"Help, not just anybody,
Help, you know I need someone, help."
I have to admit I am more of Stones fan. :-) But, this lyric fits the bill of my experience after lesson on Tuesday.
I rode on Thursday and Friday of last week. On Friday's ride, Jean and I actually ventured out into the pastures for a very short trail ride.... by ourselves....!!! Yay!!
Lesson was so so on Tuesday evening. It was hot and humid. Horse and rider alike were sweating and huffing and puffing. After a long weekend of 30C temps and really big hair humidity, by the time lesson rolled around I had no energy. We didn't do anything too strenuous - walk, jog, a little loping in a figure 8 pattern. I am finding loping in small circles a challenge. It's difficult for me to maintain my balance while steering and pushing Gem on. This is one of the things I will be focused on over the next couple of months. The other is side-pass and, believe it or not, an active walk. Two Horses has been working on this with her horse Cassie. Gem will speed up his walk if I encourage him but as soon as I release pressure, he slows right down. We will keep working on it!
Anyway, after lesson I untacked my sweaty boy, gave him a brush and took him outside to graze a bit. After 10 minutes, I walked him back into the barn. As I opened his stall door and started to walk through into his stall (I make him wait until he's invited in), he started scratching his chin on the top of the door. He was really enjoying himself so I stopped mid-way through the door and let him scratch to his hearts content. His lead chain was banging up against the door, making quite a bit of noise.
Gem finished up his scratching session as CA walked into the barn with her lesson horse. He tried to pull his head up and couldn't. He tried again, and couldn't. He started to pull back while moving along the side of the stall, pulling the stall door tight and successfully pinning me. WTH?? Basically we were standing beside each other, our heads next to each other, with the wall of the stall separating us. I managed to look over the top of the door and could see that his scratching love-in had looped the lead chain around the latch and that some of the links in the chain were threaded through the sliding handle.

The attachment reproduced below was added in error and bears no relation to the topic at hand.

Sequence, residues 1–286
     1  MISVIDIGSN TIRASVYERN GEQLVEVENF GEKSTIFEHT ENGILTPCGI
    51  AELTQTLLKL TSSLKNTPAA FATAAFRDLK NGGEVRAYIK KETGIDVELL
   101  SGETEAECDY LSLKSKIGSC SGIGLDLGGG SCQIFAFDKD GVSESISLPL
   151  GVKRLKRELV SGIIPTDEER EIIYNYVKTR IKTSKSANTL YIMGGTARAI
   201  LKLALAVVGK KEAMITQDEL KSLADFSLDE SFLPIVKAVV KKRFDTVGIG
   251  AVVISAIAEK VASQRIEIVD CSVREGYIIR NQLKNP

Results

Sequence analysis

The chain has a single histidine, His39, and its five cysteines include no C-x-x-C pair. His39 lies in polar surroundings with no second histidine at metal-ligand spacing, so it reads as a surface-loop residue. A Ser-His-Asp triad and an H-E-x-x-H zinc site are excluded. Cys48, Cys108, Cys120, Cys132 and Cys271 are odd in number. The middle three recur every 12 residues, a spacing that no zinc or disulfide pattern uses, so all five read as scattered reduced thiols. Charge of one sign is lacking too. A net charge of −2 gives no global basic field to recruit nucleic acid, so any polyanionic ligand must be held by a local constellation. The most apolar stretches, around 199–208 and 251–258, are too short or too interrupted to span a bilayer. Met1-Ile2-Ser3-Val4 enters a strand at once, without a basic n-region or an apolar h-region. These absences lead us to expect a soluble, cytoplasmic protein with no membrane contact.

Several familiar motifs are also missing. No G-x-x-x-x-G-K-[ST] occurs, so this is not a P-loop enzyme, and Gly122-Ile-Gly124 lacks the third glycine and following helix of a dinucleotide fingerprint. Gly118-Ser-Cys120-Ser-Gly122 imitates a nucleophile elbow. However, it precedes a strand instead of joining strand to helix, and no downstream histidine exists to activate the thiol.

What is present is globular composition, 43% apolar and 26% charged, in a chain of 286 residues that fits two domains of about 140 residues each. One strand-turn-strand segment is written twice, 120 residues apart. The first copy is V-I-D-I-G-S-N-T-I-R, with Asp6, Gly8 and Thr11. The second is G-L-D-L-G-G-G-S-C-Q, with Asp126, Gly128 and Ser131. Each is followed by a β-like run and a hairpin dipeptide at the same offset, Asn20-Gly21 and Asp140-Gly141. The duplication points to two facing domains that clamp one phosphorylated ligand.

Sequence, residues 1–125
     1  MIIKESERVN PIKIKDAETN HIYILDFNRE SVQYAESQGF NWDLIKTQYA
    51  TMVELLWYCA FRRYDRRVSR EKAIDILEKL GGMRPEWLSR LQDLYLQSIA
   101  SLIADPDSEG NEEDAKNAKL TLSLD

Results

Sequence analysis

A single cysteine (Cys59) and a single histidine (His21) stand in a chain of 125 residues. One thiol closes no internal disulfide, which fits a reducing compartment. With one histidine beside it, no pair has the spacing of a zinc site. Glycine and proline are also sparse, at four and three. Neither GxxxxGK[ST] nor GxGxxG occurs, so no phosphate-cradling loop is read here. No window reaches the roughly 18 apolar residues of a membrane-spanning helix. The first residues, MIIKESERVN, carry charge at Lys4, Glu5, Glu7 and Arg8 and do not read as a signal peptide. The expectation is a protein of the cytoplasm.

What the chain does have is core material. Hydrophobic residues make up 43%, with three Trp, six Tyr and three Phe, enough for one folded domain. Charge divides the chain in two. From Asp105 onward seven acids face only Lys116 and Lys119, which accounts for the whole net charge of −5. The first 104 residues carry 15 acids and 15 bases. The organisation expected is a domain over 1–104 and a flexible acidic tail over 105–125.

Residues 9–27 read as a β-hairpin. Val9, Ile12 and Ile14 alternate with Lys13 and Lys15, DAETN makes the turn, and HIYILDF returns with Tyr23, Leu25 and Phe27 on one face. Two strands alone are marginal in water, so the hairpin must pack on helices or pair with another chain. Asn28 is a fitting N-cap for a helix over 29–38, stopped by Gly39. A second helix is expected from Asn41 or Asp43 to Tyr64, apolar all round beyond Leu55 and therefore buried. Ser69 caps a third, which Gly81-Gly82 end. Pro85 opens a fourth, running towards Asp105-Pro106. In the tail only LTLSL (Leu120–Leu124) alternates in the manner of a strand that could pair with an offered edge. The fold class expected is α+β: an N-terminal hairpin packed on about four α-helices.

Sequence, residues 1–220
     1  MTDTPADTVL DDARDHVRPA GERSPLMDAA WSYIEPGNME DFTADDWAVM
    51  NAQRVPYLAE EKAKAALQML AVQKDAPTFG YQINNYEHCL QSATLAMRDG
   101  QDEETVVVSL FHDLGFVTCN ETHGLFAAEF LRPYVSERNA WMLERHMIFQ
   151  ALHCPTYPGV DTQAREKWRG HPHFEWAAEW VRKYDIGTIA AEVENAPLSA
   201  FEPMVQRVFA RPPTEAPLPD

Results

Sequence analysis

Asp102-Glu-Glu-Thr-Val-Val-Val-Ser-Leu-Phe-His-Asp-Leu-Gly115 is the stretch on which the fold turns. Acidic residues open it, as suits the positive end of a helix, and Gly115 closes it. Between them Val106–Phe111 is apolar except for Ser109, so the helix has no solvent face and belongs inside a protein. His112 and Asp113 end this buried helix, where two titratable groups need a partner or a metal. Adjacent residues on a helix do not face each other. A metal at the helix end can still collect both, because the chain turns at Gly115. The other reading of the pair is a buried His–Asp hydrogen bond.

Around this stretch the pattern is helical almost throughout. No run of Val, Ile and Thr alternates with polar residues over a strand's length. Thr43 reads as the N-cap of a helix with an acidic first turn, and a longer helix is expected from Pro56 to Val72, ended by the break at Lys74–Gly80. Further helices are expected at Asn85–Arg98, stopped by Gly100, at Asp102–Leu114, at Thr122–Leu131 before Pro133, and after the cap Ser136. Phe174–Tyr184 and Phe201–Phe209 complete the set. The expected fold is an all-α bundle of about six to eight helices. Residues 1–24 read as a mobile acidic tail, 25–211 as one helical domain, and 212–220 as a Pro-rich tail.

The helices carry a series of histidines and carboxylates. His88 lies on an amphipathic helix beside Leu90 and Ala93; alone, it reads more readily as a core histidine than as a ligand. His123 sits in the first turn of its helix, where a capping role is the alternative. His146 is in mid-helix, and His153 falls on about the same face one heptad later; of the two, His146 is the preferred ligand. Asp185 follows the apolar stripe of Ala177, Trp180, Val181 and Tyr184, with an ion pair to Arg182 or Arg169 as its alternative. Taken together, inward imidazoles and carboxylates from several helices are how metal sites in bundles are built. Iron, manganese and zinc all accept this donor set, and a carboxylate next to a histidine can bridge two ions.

He was starting to back-pedal and I could hear his hooves smacking the concrete floor. There was a look of concern around his eyes. He started to pull, not in a jerking motion, more like a dog playing tug of war. I could hear the wrought iron hinges on his stall door protesting. I have to admit that when I heard the hinges starting to give, the possibility of an even bigger dangerous situation flashed across my mind...like horse-tearing-out-of-the-barn-dragging-a-stall-door-behind-him kind of situation. I didn't want to upset him any more than he already was. So, instead of yelling, I said in a loud but calm voice, "CA, I NEED YOUR HELP NOW!" Moving at the speed of paint drying, she responded "I'll be a sec. I just have to put my horse in her stall." WTH?! The reaction I was looking for was her moving with a sense of urgency and QUICKLY putting her horse in the stall and QUICKLY coming to my assistance. No such luck. Meanwhile, Gem was still back-pedaling, the stall door was still protesting while my body continued to endure the door being pressed up against it. I realized that I was going to have to defuse this situation myself.
I spoke quietly to Gem. "Easy....easy..." I reached over and started to stroke his neck. "Easy....there's a good boy..." He stopped back-pedaling and in doing so released some of the pressure on the door. I managed to squeeze the rest of my body into the stall and look over the door at the tangled chain. I thought I might be able to just undo the clasp, but it was tangled up too. It was sort of like getting a knot out of a necklace, but I managed to do it. No easy feat when you are looking at it from over a door. :-) I chatted with Gem while I worked and he stood like a gentleman. After I got the chain untangled, I asked him to back up, allowing me to open the stall door, exit the stall and walk up to him to give him a rub and tell him what a good boy he was.
How easily and quickly something so "normal" can become something dangerous! Holy crap! In reality, this whole situation with Gem probably only took 2 minutes max, start to finish. It seemed much longer. :-) I am thankful that Gem is not the panicking kind, and frankly neither am I. In a strange sort of way, I think this exercise was beneficial to both of us. It added to my confidence level. I can take care of Gem and he got to see that I helped him. I hope that translates into the level of trust that he has for me being elevated just a smidge. :-)
It was after I led him into his stall that CA walked up to us and asked what I needed (what took her so long??!!). I explained what had happened and that when I called for her I needed her help immediately. I showed her the hoof scrape marks on the concrete where Gem had been back-pedaling. She responded that she heard it but just thought he was giving me the business and didn't realize that it was an urgent situation. Sigh.
I don't believe I was over-reacting but obviously I failed in communicating that I needed help. So, my question to my blogger friends is this: Is there a particular way that "horse people" communicate an urgent situation to others, whether it's when you are in the barn or riding?? In other words, should I have asked for Help! differently (yelling?)??
What was I thinking.....?